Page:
The unbearable lightness of the tear film

The research results published in Scientific Reports
Film lacrimale-scienza dei materiali-ottica e optometria-unimib

When you blink, a thin film of tears is redistributed over the ocular surface. This film is primarily composed of mucins, water, and lipids, and has a thickness of a few micrometres that tends to break typically after a few seconds. Prolonged maintenance of the film's integrity suggests a lower propensity for issues such as dry eye disorder. Tear film breakups and the time at which they occur are typically analysed using in vivo a biomicroscope and a fluorescent dye diluted in tears, which is believed to potentially destabilize the tear film once instilled in the eye. In the study titled “Comparing automated and manual assessments of tear break‑up time using different non‑invasive devices and a fluorescein procedure” (doi: 10.1038/s41598-024-52686-0) carried out by researchers at the Research Center in Optics and Optometry (COMIB) of the Department of Materials Science, tear film stability was measured without the need for fluorescein, through the analysis of alterations, such as distortion, in images reflected by the tear film.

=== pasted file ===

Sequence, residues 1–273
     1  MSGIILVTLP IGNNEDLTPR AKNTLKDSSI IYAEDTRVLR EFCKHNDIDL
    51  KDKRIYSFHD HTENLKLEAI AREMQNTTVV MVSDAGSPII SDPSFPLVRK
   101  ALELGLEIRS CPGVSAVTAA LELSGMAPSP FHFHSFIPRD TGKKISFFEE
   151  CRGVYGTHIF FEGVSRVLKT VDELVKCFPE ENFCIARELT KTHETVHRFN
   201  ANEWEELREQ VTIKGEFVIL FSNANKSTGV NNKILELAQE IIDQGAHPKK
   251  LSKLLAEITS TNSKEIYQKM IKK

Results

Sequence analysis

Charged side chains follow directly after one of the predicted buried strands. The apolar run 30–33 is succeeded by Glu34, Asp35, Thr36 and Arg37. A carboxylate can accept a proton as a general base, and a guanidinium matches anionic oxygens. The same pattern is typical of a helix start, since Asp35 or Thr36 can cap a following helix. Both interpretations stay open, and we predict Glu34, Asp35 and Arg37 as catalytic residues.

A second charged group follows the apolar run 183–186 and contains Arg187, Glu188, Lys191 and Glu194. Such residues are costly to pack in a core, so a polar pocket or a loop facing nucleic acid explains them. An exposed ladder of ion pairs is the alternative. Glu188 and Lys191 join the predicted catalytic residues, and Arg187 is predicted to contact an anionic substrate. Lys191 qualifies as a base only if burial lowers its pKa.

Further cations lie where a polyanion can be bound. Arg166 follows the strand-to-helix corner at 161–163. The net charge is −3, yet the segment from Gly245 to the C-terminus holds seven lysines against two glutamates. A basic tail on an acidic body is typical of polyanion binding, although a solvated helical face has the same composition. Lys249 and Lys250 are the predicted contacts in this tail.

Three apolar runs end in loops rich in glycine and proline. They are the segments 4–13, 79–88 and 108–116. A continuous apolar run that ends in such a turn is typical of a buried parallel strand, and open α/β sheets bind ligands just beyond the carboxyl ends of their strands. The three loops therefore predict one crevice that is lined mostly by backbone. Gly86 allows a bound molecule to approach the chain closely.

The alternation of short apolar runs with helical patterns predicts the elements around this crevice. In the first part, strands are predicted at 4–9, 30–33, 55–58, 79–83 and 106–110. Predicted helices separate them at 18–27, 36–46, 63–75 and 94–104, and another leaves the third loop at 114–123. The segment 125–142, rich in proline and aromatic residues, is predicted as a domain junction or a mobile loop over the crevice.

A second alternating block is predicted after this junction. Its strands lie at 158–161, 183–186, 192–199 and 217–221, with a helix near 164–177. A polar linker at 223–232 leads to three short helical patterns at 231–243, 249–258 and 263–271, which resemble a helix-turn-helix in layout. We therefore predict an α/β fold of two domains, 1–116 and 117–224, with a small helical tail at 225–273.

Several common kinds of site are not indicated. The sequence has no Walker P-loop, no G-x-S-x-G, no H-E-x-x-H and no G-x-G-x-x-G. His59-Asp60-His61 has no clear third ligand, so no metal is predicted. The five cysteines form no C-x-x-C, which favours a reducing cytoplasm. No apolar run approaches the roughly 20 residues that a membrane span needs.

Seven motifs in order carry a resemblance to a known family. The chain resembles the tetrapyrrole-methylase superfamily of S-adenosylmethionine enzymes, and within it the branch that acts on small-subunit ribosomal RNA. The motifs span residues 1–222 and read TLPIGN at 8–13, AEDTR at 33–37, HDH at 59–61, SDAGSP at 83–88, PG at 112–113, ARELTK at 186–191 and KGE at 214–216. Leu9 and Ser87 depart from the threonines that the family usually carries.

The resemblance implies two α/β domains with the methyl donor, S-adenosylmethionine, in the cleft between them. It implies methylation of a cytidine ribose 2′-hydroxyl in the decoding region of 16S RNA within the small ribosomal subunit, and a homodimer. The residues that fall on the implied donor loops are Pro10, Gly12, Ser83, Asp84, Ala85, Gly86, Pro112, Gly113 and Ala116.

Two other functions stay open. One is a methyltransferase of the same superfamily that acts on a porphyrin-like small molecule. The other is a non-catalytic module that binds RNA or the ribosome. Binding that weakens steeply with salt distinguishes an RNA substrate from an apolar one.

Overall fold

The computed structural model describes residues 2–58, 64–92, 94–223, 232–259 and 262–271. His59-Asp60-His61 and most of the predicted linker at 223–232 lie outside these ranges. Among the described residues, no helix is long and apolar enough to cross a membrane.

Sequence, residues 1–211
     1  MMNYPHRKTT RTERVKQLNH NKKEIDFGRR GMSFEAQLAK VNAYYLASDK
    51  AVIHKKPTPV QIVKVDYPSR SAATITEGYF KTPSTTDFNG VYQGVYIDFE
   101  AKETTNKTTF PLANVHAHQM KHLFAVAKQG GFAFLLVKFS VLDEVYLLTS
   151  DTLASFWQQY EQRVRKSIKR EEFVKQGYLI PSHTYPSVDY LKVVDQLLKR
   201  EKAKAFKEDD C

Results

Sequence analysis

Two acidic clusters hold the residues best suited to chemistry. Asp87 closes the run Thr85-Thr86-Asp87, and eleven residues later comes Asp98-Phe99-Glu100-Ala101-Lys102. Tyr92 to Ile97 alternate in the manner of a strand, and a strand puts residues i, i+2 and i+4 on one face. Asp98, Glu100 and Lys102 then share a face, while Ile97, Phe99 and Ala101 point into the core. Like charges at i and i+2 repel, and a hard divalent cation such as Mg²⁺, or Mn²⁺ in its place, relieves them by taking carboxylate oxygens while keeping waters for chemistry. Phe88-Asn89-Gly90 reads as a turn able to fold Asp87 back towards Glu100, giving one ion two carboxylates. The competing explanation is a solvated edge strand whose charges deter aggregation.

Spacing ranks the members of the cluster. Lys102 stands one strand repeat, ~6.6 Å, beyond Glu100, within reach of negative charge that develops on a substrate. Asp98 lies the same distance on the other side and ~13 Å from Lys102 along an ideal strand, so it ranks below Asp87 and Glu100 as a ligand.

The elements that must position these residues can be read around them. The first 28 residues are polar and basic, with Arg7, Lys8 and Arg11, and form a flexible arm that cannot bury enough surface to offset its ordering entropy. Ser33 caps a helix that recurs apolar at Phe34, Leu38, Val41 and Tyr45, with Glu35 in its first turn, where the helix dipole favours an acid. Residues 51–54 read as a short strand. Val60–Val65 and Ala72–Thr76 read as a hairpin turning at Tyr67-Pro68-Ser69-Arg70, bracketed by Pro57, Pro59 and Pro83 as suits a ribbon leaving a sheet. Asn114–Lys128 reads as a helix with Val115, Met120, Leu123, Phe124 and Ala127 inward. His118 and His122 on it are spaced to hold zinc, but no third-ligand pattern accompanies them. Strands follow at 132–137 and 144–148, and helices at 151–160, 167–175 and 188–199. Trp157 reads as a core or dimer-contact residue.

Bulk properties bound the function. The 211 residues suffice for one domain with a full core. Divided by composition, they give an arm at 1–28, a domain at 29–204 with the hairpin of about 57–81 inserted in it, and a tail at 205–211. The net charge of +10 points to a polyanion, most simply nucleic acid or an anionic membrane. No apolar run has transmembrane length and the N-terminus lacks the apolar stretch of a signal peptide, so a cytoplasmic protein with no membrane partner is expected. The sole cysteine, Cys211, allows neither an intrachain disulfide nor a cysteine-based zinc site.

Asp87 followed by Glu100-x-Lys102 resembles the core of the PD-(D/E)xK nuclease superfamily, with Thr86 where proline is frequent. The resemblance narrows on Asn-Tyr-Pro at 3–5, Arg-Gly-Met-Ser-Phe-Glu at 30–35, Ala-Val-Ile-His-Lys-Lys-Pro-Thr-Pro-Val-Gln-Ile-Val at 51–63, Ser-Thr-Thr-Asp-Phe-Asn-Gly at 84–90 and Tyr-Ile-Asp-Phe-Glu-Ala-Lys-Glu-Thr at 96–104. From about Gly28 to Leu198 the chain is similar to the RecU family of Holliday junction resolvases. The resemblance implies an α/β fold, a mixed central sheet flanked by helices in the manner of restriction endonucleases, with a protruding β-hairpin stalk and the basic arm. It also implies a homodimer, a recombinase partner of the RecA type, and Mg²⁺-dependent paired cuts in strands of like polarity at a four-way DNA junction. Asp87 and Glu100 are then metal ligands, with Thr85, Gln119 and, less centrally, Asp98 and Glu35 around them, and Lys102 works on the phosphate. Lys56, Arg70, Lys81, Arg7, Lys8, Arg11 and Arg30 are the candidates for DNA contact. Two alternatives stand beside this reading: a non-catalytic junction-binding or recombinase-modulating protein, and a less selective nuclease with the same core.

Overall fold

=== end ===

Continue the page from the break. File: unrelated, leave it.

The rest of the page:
This approach is non-invasive and can be implemented with an automatic method that uses algorithms capable of highlighting variations in the regularity of reflected images to recognise tear break-up, eliminating the influences of operator skill. The study was conducted by dr. Fabrizio Zeri, dr. Giulia Carlotta Rizzo, dr. Erika Ponzini, prof Silvia Tavazzi